Customer Service | Help | FAQ | PEP-Easy | Report a Data Error | About
Tip: To go directly to an article using its bibliographical details…

PEP-Web Tip of the Day

If you know the bibliographic details of a journal article, use the Journal Section to find it quickly. First, find and click on the Journal where the article was published in the Journal tab on the home page. Then, click on the year of publication. Finally, look for the author’s name or the title of the article in the table of contents and click on it to see the article.

For the complete list of tips, see PEP-Web Tips on the PEP-Web support page.

Hopkins, J. (2012). Fifty Years Ago: John Bowlby Recommends the use of a Single Case Study to Understand a Child's Detached Relationships. Att: New Dir. in Psychother. Relat. Psychoanal., 6(3):173-189.

(2012). Attachment: New Directions in Psychotherapy and Relational Psychoanalysis, 6(3):173-189


Fifty Years Ago: John Bowlby Recommends the use of a Single Case Study to Understand a Child's Detached Relationships

Juliet Hopkins

This paper contains what is probably the first attempt to describe the internal world of a child with avoidant attachments. Its creation was initiated in 1962 in response to the research interests of John Bowlby. However, at that time, Ainsworth had yet to produce her findings of infant patterns of security and the term “avoidant” had not yet been adopted. Bowlby's interest was simply stimulated by a child's unusually independent and detached behavio in the absence of any history of separation from her parents.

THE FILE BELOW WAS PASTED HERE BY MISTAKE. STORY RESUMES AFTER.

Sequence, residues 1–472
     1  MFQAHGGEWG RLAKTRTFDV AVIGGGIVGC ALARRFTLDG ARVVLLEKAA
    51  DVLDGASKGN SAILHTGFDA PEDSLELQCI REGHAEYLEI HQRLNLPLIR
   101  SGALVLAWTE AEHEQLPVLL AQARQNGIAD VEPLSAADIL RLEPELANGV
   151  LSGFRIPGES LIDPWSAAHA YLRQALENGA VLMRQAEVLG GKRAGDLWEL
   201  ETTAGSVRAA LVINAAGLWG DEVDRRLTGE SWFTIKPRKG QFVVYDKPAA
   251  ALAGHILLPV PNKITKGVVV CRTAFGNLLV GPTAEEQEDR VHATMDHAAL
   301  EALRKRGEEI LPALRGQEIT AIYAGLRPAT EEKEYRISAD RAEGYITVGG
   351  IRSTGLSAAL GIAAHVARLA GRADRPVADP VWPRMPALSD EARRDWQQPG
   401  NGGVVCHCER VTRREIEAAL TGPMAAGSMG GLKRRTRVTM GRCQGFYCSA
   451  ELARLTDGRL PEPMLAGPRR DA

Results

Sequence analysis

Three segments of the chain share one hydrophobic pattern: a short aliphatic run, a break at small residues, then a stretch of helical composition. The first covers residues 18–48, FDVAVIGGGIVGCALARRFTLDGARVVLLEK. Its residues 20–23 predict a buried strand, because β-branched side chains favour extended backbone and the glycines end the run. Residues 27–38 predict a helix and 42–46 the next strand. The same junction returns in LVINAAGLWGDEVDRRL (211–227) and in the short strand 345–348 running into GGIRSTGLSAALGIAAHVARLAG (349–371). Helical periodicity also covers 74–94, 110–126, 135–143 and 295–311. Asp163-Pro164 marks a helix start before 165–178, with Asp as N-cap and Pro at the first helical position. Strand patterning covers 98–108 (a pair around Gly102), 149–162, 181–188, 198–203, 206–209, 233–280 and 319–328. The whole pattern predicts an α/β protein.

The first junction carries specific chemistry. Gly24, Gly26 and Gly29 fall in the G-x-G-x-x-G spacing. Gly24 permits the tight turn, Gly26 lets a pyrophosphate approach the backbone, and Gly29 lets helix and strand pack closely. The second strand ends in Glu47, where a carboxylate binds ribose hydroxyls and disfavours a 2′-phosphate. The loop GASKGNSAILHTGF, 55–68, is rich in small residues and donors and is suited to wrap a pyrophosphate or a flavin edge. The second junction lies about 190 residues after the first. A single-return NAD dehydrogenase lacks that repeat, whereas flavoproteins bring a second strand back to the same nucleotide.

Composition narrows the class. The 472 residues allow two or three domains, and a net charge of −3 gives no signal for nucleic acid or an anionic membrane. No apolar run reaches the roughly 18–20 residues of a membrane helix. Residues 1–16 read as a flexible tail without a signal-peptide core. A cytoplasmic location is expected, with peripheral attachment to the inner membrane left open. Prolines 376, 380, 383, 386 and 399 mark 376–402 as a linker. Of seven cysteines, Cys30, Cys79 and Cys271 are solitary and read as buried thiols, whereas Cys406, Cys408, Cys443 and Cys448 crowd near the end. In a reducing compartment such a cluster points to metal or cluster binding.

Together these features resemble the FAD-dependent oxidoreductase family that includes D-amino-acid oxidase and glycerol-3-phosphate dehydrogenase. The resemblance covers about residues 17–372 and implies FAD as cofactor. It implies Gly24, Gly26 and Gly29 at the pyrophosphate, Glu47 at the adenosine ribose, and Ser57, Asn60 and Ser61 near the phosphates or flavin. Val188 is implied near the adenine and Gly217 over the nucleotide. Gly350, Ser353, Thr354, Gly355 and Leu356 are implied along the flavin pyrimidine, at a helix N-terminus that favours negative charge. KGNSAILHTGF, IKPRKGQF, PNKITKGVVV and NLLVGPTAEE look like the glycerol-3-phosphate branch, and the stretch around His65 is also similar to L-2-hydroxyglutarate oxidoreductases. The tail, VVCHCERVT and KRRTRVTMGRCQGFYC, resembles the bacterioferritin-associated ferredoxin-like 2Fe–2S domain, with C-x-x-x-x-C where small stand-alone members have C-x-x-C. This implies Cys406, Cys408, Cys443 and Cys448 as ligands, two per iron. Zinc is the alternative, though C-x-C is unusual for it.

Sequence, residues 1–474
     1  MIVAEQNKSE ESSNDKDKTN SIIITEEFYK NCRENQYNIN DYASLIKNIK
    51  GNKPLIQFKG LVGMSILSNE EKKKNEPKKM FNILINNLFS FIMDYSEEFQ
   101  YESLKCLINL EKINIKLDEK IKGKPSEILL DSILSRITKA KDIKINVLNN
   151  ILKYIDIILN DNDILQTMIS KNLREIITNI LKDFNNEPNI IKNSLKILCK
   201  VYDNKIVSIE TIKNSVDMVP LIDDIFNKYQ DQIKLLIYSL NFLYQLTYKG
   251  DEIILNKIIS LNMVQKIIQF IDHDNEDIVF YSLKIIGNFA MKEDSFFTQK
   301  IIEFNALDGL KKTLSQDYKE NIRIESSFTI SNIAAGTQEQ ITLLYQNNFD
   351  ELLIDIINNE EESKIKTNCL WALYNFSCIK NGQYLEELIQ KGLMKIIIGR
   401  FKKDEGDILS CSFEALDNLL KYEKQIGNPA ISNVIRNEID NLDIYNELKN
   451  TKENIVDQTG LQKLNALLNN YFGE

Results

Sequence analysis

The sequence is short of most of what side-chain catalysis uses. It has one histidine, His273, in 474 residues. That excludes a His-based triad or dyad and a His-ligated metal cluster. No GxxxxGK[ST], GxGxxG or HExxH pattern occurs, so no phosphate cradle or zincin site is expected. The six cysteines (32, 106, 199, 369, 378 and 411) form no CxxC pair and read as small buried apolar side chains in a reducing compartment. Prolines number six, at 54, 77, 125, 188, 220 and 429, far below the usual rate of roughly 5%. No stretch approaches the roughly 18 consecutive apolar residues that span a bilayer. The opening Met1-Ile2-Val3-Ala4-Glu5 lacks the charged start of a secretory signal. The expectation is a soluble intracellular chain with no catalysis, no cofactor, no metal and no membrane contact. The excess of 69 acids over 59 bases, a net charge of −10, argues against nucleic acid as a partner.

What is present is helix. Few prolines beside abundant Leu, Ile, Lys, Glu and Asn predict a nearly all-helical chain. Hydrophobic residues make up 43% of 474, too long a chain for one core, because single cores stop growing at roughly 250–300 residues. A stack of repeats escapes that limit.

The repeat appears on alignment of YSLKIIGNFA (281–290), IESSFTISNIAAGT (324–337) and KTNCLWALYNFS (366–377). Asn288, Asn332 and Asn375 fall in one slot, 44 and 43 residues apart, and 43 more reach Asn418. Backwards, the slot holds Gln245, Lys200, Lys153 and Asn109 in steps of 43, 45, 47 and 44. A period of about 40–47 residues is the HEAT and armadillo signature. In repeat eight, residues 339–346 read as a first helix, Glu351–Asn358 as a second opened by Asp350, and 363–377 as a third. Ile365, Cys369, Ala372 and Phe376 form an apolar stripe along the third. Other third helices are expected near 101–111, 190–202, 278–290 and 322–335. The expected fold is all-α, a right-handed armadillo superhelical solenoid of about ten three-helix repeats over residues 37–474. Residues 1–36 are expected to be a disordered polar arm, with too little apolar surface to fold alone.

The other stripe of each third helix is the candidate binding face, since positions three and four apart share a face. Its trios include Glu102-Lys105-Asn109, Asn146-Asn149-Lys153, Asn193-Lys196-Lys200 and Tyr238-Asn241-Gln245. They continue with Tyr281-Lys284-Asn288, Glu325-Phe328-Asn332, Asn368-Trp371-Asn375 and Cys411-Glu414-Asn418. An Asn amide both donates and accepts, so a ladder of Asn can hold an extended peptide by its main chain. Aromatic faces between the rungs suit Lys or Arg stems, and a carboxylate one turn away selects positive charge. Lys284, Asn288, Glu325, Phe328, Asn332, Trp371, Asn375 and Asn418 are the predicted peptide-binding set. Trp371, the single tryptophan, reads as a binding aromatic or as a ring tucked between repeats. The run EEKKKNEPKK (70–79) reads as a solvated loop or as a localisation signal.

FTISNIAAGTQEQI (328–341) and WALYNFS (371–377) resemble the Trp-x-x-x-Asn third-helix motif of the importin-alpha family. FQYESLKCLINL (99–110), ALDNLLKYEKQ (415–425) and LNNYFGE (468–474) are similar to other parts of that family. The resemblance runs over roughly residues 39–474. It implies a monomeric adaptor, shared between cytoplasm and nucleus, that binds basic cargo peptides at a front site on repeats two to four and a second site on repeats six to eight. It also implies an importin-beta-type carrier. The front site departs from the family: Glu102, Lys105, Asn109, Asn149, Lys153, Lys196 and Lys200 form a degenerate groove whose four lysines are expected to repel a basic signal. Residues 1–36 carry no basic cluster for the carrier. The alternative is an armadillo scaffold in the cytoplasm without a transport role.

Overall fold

The child concerned was Clare, a six-year-old, seen for psychotherapy by me, a student of child psychotherapy in Bowlby's department at the Tavistock Clinic. Bowlby was aware of the value of single case studies in generating hypotheses, and encouraged me to write an account of the turbulent course of Clare's therapy; this constitutes the main part of the present paper. It describes how Clare, a very articulate and thoughtful child, gradually relinquished her defences and became able to seek comfort when distressed. It also happens to illustrate a particular Kleinian technique of child analysis, taught at that time.

The paper concludes with Bowlby's comments on my clinical paper and on the role of interpretation in psychotherapy.

[This is a summary or excerpt from the full text of the book or article. The full text of the document is available to subscribers.]

Copyright © 2019, Psychoanalytic Electronic Publishing, ISSN 2472-6982 Customer Service | Help | FAQ | Download PEP Bibliography | Report a Data Error | About

WARNING! This text is printed for personal use. It is copyright to the journal in which it originally appeared. It is illegal to redistribute it in any form.